While waiting for his 5-year-old twins to get out of school one afternoon, Raj Rajoo got their child safety seats ready.
“My kids, their lives are very important for me so I invested in the car seats,” he said.
Malaysia has been requiring the use of child safety seats — also known as child restraint systems — since January 1 but Rajoo and his wife, Jay Menon, have been using them since shortly after their children were born.
“Anything can happen in a split second and we don’t want to regret anything further on down the road,” Menon said.
Researchers in Malaysia found last year that fewer than half of the cars on the roads with children ages 12 and under had child safety seats.
“For many years, people have not been having car seats here, quite a number of people have not,” Menon said, "so it’s a change of mindset and it will take time.”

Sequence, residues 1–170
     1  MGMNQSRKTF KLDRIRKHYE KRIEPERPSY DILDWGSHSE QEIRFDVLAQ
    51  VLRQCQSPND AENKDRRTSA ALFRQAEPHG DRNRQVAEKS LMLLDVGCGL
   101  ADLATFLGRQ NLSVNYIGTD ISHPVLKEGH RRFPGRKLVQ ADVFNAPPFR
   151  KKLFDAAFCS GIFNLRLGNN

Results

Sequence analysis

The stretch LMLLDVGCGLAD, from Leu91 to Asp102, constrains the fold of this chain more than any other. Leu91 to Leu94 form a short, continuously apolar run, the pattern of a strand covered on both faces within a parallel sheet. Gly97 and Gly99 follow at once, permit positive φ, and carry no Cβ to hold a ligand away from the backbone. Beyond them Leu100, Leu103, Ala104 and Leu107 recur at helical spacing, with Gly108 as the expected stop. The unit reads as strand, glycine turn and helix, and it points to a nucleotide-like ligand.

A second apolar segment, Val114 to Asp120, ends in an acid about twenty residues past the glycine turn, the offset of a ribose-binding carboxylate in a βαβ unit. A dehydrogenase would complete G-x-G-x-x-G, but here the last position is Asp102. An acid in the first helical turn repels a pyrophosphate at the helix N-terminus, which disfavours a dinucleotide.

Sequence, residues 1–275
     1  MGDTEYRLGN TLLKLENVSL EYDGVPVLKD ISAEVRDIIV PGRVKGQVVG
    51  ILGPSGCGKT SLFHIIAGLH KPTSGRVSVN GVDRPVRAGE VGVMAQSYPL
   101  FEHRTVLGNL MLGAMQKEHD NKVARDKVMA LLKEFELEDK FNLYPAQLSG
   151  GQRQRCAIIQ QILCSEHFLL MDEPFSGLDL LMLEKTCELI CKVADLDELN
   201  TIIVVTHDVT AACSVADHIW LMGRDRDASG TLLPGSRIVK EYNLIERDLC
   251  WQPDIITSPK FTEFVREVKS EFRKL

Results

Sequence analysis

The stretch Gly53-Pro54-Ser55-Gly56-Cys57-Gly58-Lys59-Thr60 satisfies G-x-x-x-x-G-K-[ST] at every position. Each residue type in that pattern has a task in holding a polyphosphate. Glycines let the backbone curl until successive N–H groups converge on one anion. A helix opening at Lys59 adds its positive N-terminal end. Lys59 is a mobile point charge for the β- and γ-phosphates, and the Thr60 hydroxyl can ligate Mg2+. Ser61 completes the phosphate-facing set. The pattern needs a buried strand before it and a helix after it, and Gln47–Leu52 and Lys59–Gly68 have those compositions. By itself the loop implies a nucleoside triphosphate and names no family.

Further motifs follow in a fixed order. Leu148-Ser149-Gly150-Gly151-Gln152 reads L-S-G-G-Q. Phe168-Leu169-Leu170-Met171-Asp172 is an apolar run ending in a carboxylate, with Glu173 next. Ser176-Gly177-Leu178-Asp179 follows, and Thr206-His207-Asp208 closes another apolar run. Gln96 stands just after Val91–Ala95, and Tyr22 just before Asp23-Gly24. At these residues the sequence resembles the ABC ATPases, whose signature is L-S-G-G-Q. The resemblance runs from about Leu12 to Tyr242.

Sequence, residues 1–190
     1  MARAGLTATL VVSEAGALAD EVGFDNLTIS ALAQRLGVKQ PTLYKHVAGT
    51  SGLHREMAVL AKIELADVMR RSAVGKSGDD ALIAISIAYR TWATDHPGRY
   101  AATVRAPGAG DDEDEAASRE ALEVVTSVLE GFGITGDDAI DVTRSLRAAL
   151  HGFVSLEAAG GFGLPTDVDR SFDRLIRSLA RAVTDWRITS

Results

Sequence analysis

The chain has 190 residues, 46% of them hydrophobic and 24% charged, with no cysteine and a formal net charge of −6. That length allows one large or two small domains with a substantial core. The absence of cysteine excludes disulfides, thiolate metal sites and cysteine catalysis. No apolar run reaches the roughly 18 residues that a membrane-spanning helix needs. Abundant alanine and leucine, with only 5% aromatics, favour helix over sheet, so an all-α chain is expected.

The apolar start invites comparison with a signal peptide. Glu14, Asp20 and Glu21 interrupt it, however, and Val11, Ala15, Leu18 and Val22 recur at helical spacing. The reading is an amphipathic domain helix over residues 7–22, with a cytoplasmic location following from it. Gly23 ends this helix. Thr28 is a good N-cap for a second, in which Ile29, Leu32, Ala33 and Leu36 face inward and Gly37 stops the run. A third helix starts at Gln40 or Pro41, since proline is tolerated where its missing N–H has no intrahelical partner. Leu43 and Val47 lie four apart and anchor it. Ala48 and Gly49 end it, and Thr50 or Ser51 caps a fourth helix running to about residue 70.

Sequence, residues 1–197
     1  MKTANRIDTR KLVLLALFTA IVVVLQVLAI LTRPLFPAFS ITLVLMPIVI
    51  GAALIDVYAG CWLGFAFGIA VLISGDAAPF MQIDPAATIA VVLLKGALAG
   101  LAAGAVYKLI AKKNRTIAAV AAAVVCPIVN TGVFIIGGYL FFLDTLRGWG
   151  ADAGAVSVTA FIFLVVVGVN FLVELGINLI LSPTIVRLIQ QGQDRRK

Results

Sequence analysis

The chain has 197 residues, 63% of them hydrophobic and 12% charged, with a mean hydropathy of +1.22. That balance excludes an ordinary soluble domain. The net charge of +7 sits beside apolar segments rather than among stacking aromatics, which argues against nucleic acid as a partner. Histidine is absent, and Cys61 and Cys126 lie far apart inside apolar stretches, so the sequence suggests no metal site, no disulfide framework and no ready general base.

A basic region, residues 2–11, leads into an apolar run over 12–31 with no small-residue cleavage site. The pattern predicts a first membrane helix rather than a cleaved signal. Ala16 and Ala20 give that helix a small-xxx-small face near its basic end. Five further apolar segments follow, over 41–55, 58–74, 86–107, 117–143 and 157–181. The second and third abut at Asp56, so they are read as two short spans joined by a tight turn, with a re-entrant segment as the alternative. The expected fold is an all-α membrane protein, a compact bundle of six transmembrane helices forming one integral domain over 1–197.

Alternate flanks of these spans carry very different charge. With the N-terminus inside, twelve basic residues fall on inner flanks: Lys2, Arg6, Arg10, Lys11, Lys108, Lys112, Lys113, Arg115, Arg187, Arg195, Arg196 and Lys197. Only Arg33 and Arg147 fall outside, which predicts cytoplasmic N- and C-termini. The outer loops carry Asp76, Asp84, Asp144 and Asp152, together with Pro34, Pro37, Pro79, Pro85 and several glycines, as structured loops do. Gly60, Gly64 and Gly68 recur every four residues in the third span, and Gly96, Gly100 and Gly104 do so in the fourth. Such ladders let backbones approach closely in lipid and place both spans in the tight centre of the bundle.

The Malaysian Institute of Road Safety Research says more than 1,500 children under the age of 10 died in road accidents in Malaysia from 2007 to 2017. Statistics show that children secured properly in a child safety seat are up to 71% less likely to die in a car accident.
“A seat belt only, it is actually designed for an adult,” the institute's director-general, Siti Zaharah Ishak, said.
A child restraint system, she said, "is actually appropriate for a child to use in a car because it’s designed for a child to protect them to restrain them whenever there is a motor crash or an accident.“
Omar Mohamad recently looked for a child safety seat for his 2-year-old son at a store in Kuala Lumpur. He said his family already has one in his wife’s car and he’s buying another one for his.
“Every time we want to move into my car, I have to prepare half an hour before, take out the car seat, put it in my car, fix it properly then we can go," he said.
“So now I’m buying a new one, one more to put in my car so that one in each car and we are ready to go at any time.”
After a six-month phase-in period, the government says violators will be fined, although the amount has not been announced yet.
Large families are exempted from the requirement if they cannot fit safety seats for all of their children in their car. This decision came after complaints that many large families would otherwise need to buy new, bigger cars, but as child restraint systems do so much to protect children, safety advocates hope parents will make them a priority.